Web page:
National Sections of the L5I:

Britain

Revolutionary capitalists?

Bill Jenkins reviews Merchants and Revolution: Commercial Change, Political Conflict, and London’s Overseas Traders, 1550–1653 by Robert Brenner, Cambridge University Press 1993 Read more...

The general strike 1842

One hundred and fifty years ago the first prolonged general strike of the British working class was at its peak. Tens of thousands of workers in Lancashire, Staffordshire and Yorkshire mounted flying pickets, seized control of whole towns and organised armed militias. To the horror of the employers and aristocrats they transformed their strike from a wage struggle to a struggle for political power. Paul Morris tells the story of this key event in working class history. Read more...

'Tyrants, believe and tremble' - the Chartist movement in Britain

The example of Chartism proves there is a revolutionary tradition in the British working class writes Stuart King Read more...

Independent Labour Party: Lessons of the split pt2

In the last article (http://www.fifthinternational/node/1495) we examined the development of the Independent Labour Party up to Labour’s electoral disaster in 1931. The Independent Labour Party was down to five MPs who were not endorsed by the Labour Party because of their refusal to abide by the Parliamentary Labour Party’s discipline. In this second part of the article John McKee and Keith Lawry look at the problems of the ILP’s split with the Labour Party and its subsequent political evolution Read more...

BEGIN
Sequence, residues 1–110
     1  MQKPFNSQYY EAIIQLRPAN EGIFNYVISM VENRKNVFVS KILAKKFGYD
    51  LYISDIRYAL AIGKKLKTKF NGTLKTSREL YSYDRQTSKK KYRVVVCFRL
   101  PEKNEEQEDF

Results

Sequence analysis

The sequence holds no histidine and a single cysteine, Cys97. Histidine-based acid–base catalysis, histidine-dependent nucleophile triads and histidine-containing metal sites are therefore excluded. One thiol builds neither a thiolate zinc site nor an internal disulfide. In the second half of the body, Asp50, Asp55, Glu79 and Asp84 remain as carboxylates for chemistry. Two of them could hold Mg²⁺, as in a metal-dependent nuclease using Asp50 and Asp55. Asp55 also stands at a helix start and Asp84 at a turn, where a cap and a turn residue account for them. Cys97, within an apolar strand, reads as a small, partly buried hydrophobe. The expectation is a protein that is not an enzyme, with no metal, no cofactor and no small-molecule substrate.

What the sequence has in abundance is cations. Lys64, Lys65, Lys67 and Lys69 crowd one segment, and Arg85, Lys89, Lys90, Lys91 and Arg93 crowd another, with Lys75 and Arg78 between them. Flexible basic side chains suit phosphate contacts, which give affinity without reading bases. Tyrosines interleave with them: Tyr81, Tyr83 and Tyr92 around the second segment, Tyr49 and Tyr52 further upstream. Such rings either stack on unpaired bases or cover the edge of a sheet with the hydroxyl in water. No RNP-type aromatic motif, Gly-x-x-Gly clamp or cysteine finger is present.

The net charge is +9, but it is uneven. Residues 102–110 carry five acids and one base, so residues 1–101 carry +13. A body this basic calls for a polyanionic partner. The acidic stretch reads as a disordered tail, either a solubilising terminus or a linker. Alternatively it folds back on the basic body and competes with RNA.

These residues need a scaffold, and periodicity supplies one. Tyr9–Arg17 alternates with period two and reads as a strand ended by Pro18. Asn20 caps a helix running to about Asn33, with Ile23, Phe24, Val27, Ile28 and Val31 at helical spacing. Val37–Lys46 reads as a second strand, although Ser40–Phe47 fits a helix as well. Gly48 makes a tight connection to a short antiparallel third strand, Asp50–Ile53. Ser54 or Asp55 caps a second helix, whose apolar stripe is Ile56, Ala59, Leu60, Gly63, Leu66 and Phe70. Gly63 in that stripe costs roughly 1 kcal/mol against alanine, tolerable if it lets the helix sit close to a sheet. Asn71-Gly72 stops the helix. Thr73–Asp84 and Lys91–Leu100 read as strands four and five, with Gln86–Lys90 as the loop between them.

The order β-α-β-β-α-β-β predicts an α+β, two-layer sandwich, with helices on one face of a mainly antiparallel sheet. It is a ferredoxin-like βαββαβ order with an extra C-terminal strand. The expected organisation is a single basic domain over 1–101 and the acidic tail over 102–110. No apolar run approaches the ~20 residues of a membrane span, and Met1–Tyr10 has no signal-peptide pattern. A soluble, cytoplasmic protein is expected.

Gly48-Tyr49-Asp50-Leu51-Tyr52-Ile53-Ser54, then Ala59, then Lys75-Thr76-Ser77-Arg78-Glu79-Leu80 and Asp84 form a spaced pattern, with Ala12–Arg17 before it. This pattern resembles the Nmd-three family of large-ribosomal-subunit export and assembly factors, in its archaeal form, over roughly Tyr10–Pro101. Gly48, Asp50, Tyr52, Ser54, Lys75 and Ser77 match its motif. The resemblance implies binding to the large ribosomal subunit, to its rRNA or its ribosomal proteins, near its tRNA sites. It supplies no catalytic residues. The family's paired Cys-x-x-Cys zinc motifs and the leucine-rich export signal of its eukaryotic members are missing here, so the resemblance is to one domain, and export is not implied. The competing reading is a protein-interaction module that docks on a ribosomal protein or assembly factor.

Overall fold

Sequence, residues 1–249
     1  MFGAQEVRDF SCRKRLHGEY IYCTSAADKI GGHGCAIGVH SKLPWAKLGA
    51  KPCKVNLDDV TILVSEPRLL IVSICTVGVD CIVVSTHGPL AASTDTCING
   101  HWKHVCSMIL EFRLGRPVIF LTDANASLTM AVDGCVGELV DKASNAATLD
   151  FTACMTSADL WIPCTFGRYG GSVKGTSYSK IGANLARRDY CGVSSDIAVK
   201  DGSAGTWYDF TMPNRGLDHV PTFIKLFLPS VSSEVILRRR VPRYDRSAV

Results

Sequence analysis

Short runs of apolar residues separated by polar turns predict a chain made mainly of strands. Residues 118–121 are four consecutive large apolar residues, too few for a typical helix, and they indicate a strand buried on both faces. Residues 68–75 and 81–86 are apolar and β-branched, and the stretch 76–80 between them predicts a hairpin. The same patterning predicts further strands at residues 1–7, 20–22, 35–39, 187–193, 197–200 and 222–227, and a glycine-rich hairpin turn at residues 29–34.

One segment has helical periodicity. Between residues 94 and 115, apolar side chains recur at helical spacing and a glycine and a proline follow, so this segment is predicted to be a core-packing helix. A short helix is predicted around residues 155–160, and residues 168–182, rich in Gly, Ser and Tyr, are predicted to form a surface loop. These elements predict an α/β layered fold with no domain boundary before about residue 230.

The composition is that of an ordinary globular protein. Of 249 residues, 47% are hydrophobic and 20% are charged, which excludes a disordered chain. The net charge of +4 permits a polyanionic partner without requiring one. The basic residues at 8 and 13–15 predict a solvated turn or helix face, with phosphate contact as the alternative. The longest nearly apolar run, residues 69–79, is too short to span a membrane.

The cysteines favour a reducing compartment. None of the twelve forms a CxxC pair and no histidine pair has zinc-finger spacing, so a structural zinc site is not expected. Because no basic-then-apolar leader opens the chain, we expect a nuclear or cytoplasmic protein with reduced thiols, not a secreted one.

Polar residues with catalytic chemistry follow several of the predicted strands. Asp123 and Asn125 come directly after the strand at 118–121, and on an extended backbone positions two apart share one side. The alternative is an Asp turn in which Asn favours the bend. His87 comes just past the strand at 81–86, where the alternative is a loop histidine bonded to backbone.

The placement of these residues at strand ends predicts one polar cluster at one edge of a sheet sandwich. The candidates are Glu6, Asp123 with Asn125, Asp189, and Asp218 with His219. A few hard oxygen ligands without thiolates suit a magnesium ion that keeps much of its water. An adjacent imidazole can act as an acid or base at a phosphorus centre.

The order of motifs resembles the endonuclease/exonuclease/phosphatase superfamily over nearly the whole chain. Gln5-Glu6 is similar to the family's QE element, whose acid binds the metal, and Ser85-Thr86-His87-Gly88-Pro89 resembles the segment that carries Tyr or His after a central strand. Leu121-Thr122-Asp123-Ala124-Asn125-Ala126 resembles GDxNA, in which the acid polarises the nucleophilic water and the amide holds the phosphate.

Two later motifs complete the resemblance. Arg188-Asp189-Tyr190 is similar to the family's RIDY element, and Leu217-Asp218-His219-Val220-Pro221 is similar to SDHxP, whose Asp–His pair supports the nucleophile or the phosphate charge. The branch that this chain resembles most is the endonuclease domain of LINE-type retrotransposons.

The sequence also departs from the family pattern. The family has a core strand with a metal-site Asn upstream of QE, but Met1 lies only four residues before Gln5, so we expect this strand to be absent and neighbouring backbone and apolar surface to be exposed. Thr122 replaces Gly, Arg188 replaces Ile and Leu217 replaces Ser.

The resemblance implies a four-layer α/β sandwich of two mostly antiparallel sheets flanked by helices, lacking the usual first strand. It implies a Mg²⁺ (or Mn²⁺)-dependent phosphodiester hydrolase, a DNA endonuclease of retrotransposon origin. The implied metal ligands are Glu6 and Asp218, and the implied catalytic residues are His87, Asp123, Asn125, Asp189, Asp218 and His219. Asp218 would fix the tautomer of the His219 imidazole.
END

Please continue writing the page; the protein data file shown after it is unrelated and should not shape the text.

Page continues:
Independent Labour Party: Lessons of the split pt1

The Labour party has not been the only mass working class party in the history of the British Labour movement. But what are the lessons of the shortlived Independent Labour Party? Read more...

Militant Tendency faced with a turn

Militant’s turn to standing candidates against Labour contradicts everything they said and did in the 1980s. It is the result of the collapse of their political perspectives, argues Richard Brenner. Read more...

The Poll Tax struggle: No strategy to win

“We live in exciting times” Socialist Worker told its members in it’s party column in May 1990. True enough. But in exciting times it is the duty of revolutionary Marxists to give a sober assessment of the situation and point the way forward for the working class. The Socialist Workers Party, argues Arthur Merton, has once again proved it can do neither. Read more...

World War 2 - When "communists" were strike breakers

The Second World War was supposedly the "finest hour" of the British Communist Party (CP). It grew to 56,000 members, controlled many workplace organisations and had great influence in the unions. But throughout the war the CP acted as the puppet of Kremlin foreign policy. Read more...

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